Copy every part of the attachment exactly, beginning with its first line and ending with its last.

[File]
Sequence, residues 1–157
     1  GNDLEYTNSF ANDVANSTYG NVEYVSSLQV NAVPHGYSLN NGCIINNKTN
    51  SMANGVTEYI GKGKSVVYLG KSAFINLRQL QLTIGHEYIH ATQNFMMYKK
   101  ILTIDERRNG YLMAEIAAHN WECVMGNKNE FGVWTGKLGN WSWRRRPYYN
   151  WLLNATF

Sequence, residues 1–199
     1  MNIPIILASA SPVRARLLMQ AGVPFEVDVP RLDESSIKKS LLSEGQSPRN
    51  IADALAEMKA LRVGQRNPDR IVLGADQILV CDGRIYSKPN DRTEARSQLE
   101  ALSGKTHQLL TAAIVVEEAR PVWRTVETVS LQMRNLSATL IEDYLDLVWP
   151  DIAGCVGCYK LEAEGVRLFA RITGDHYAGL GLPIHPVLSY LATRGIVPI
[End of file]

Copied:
Sequence, residues 1–157
     1  GNDLEYTNSF ANDVANSTYG NVEYVSSLQV NAVPHGYSLN NGCIINNKTN
    51  SMANGVTEYI GKGKSVVYLG KSAFINLRQL QLTIGHEYIH ATQNFMMYKK
   101  ILTIDERRNG YLMAEIAAHN WECVMGNKNE FGVWTGKLGN WSWRRRPYYN
   151  WLLNATF

Sequence, residues 1–199
     1  MNIPIILASA SPVRARLLMQ AGVPFEVDVP RLDESSIKKS LLSEGQSPRN
    51  IADALAEMKA LRVGQRNPDR IVLGADQILV CDGRIYSKPN DRTEARSQLE
   101  ALSGKTHQLL TAAIVVEEAR PVWRTVETVS LQMRNLSATL IEDYLDLVWP
   151  DIAGCVGCYK LEAEGVRLFA RITGDHYAGL GLPIHPVLSY LATRGIVPI